Call it an occupational hazard. I’ll be on the phone or at the grocery store or the gym and somebody will ask me why I’m supporting the Jackson County research tax.
That would be Question 1 on the Jackson County ballot on Nov. 5, a request for a half-cent sales tax increase that would raise about $40 million a year to support an emerging field of research that works to turn scientific discoveries into new medications or tools or medical protocols.
The conversations take different forms. Here’s a composite:
It seems really weird to ask people to support a tax that benefits a certain business.
Not really. In Kansas City, we’ve supported ballot measures that benefit the convention and tourism industries. Their selling points are economic development and civic pride. The research tax idea began as a way to get a jump on a field that has the potential to bring lots of good jobs here. Wouldn’t it also be a source of pride to have a public investment in a research institute that would work on groundbreaking medical discoveries? I think it would be great.
Why can’t drug companies pay for this?
Big pharma isn’t the risk-taking enterprise we think it is. Drug companies want somebody else to test and validate a discovery before they’ll take a chance on moving it along to the market. That work is called “translational research,” and it’s what the research tax would pay for. Experts willtell you
a lack of translational research is a big reason we aren’t seeing more breakthrough treatments for diseases like Alzheimer’s and Parkinson’s diseases.
What about the federal government, or local foundations?
The National Institutes of Health awards research grants. They are competitive, though, and they run out. When they do, researchers have to lay off staff and start afresh if they get another grant. The beauty of the sales tax idea is it would guarantee a stream of funding for 20 years.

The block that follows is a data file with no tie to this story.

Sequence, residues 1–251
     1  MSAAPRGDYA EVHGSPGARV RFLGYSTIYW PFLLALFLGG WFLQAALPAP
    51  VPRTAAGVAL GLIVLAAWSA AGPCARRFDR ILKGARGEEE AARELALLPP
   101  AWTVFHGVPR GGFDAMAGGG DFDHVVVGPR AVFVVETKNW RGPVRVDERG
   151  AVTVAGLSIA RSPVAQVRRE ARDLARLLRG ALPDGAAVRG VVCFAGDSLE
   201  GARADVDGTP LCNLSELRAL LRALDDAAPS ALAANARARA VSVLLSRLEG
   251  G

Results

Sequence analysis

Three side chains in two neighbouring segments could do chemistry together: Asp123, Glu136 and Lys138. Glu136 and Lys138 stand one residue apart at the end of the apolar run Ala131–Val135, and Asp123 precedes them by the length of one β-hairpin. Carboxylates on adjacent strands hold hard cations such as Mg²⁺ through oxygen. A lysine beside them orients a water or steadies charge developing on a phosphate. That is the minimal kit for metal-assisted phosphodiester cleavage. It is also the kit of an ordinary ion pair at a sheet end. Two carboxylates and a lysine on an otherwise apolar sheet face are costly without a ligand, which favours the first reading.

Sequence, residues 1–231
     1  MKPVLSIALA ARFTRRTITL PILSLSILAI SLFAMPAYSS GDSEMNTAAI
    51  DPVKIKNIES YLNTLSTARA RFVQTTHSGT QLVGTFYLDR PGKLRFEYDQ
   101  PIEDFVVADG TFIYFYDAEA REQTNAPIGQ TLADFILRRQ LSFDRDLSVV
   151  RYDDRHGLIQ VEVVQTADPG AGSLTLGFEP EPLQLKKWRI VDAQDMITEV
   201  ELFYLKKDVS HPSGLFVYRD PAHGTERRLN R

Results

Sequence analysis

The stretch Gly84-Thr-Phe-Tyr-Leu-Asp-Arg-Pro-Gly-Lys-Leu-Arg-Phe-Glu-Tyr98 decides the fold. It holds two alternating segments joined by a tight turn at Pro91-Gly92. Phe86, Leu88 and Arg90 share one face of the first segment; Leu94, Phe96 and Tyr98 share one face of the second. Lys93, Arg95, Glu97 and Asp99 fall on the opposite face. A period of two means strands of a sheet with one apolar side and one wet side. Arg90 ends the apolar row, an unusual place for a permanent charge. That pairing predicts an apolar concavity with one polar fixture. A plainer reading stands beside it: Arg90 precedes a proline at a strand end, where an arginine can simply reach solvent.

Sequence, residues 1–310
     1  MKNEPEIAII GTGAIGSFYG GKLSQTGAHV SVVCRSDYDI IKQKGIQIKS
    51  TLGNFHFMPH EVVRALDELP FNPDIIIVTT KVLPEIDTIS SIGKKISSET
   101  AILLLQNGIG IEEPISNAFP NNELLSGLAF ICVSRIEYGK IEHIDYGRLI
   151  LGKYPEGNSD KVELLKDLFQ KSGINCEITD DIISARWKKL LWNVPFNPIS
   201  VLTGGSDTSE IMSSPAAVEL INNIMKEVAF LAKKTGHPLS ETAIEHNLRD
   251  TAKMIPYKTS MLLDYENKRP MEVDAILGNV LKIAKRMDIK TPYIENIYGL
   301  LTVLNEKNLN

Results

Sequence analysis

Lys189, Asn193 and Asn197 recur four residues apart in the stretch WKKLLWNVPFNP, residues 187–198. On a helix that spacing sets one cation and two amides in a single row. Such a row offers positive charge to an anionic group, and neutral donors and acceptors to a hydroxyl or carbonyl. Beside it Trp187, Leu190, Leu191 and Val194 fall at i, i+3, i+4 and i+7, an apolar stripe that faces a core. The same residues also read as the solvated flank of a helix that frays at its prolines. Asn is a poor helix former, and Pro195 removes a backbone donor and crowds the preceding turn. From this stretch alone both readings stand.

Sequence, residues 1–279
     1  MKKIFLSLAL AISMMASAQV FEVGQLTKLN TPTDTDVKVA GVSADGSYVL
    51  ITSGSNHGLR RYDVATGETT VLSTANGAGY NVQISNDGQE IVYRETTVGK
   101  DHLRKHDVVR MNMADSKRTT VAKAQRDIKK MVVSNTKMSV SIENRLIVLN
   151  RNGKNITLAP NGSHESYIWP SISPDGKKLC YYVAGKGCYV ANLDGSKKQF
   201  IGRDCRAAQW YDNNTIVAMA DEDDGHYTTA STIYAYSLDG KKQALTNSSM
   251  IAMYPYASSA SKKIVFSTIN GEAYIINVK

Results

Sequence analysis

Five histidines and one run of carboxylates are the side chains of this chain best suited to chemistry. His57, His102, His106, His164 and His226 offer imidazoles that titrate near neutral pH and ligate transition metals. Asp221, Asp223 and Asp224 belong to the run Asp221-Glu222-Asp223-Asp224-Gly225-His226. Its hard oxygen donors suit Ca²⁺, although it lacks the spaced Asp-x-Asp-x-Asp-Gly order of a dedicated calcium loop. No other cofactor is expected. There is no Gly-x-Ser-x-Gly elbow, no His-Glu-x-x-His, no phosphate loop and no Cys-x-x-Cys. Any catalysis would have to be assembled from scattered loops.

I suppose it is possible that local foundations could abandon other priorities and invest more in medical research than they already do. But that funding wouldn’t be completely reliable, either, and the foundations would set the agenda. They would have no obligation to engage the public in what’s going on. The research we’re talking about is interesting stuff. If the tax passes, I see opportunities for schools and groups to connect with scientists and get excited about what they’re doing.
Why should we give taxpayer money to hospitals and their rich CEOs?
Did you vote for the Jackson County sales tax to upgrade the sports stadiums? Last I heard, pro athletes and team owners weren’t scraping to get by.
Sorry to be flippant. I feel strongly about this. Thirteen years ago, a great eye surgeon in Kansas City figured out how to use the healing properties of stem cells to halt a long-running inflammation that had torn up the surface of my son’s eye. My kid was 8 years old at the time and translational research enabled him to finally play outside without being pained by the light. I’m certain a lot of other families who have experienced the wonders of medical research will tell you it’s money well spent.
Hospital pricing is a huge issue, but this sales tax would pay researchers, not CEOs. Why is it OK to ask the public to subsidize pro sports but not OK to seek a public investment in science at the local level? I don’t accept that.
If we vote for this, will we really see something come of it?
Yes. Approval would give the University of Missouri-Kansas City a big lift as a research university and increase the area’s capacity for hospital research. We could expect the local investment to multiply with money from federal grants and other sources. The creation of a publicly supported research institute here would encourage collaboration and sharing of ideas. Question 1 is the best chance to boost Kansas City’s identity as a medical research hub. It’s a visionary idea and I’m proud to support it.